And then there are the adverts. If they’re not from self-satisfied stores promoting their shops as magical Christmas wonderlands, it’s grade D celebrities flogging their own perfumes (honestly, why would anyone want to smell like Peter Andre or Britney Spears?), or some flavour-of-the-month toy that the kids think will make their life complete, but will be old hat come Boxing Day.
The Christmas Rush
Why, it’s a mystery that would even outfox Sherlock Holmes. Christmas hardly sneaks up on us, so there is ample time to prepare and purchase whatever we need to ensure that our festivities go off without a hitch. So why the Franklin D Roosevelt is there a blood pressure-raising frenzy on the high streets? And why are the shops still full of punters on Christmas Eve? Avoid the herds, pour yourself a glass of wine and shop online instead.
Look, Slade’s Merry Christmas Everybody is still a rollicking good party tune, and the beautiful melody of Silent Night can occasionally move me to tears, but other than that most Christmas songs and carols are utterly banal. For the last few years we’ve also had to suffer the merciless slaying of a ballad by whichever wannabe warbler wins the X Factor before drifting back to the obscurity from which they came. And there is no punishment strong enough for the supermarket manager who first thought it was a good idea to transmit panpipe versions of Christmas “classics” over the loudspeakers while you shop.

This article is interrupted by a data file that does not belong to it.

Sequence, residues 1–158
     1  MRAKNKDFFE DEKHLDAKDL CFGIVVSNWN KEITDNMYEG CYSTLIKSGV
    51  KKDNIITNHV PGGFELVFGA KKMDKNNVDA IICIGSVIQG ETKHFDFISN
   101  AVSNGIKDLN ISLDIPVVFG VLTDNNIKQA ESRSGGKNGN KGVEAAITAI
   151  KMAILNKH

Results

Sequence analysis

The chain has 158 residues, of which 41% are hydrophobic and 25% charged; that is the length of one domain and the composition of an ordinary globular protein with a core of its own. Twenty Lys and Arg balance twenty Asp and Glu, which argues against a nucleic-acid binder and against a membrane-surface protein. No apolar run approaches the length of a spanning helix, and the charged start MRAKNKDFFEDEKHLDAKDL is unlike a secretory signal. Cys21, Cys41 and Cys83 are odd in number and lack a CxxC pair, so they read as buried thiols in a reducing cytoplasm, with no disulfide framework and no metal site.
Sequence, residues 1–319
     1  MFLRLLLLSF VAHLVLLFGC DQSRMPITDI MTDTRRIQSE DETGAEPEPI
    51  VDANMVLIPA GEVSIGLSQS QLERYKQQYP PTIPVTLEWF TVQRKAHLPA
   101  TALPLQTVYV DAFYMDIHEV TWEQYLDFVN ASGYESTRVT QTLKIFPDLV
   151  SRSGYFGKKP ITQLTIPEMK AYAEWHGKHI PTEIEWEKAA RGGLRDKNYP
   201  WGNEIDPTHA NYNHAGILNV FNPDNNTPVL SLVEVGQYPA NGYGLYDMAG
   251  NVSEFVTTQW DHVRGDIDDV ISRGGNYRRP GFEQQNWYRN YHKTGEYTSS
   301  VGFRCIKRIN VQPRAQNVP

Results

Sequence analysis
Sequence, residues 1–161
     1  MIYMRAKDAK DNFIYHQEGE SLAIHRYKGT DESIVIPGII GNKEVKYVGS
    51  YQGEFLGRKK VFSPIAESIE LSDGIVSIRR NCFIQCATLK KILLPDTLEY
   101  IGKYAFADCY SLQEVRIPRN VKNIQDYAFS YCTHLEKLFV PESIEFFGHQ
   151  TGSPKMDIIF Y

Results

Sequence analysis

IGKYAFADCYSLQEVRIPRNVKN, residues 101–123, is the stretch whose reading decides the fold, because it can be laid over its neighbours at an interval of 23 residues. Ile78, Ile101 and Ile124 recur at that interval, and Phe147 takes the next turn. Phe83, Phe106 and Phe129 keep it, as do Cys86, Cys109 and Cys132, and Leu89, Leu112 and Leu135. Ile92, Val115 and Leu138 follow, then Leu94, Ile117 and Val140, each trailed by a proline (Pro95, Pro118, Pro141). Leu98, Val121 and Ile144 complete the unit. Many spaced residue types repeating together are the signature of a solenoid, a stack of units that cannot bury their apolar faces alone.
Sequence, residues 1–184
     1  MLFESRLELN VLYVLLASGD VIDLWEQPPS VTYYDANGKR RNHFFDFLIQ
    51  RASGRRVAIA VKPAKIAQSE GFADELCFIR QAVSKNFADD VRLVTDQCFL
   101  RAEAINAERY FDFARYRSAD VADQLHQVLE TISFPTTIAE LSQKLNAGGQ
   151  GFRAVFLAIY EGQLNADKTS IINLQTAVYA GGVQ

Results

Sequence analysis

The global economy is still at the bottom of the abyss and the planet is heating up. But hey, who cares about any of that, it’s Christmas. So let’s send the electricity bill soaring and slap down a giant carbon footprint by lighting up our houses like an explosion at a fireworks factory.
The excessively garish packaging and wrapping is snowballing out of control. You need a chainsaw to get at what’s inside and even small items are covered in the kinds of wrappings and bindings that are used to send rare archaeological artefacts around the world.
I used to work in an open-plan office of 50 or so people and we saw each other nearly every single day. So really, what was the point of exchanging Christmas cards? An appalling waste of time and paper. And nothing says “I don’t really like you” than a card that comes out of a box of 50 identical cards showing the same twee nativity scene.